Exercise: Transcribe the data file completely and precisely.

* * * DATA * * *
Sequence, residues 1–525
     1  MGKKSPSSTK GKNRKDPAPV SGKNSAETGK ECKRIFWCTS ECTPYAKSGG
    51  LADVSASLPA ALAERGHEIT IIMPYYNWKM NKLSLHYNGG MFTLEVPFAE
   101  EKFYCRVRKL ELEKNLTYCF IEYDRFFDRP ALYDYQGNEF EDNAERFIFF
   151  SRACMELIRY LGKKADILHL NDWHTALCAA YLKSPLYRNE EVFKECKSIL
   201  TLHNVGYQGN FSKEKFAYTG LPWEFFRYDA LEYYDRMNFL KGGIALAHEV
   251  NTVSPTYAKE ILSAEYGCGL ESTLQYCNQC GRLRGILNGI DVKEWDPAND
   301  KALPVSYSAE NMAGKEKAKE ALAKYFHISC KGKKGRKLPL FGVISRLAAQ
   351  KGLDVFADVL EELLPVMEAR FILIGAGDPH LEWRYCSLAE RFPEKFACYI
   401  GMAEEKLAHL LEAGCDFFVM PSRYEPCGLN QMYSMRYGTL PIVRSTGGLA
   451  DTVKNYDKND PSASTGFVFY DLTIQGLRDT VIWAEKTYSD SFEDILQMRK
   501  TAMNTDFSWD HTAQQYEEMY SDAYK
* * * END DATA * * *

Sequence, residues 1–525
     1  MGKKSPSSTK GKNRKDPAPV SGKNSAETGK ECKRIFWCTS ECTPYAKSGG
    51  LADVSASLPA ALAERGHEIT IIMPYYNWKM NKLSLHYNGG MFTLEVPFAE
   101  EKFYCRVRKL ELEKNLTYCF IEYDRFFDRP ALYDYQGNEF EDNAERFIFF
   151  SRACMELIRY LGKKADILHL NDWHTALCAA YLKSPLYRNE EVFKECKSIL
   201  TLHNVGYQGN FSKEKFAYTG LPWEFFRYDA LEYYDRMNFL KGGIALAHEV
   251  NTVSPTYAKE ILSAEYGCGL ESTLQYCNQC GRLRGILNGI DVKEWDPAND
   301  KALPVSYSAE NMAGKEKAKE ALAKYFHISC KGKKGRKLPL FGVISRLAAQ
   351  KGLDVFADVL EELLPVMEAR FILIGAGDPH LEWRYCSLAE RFPEKFACYI
   401  GMAEEKLAHL LEAGCDFFVM PSRYEPCGLN QMYSMRYGTL PIVRSTGGLA
   451  DTVKNYDKND PSASTGFVFY DLTIQGLRDT VIWAEKTYSD SFEDILQMRK
   501  TAMNTDFSWD HTAQQYEEMY SDAYK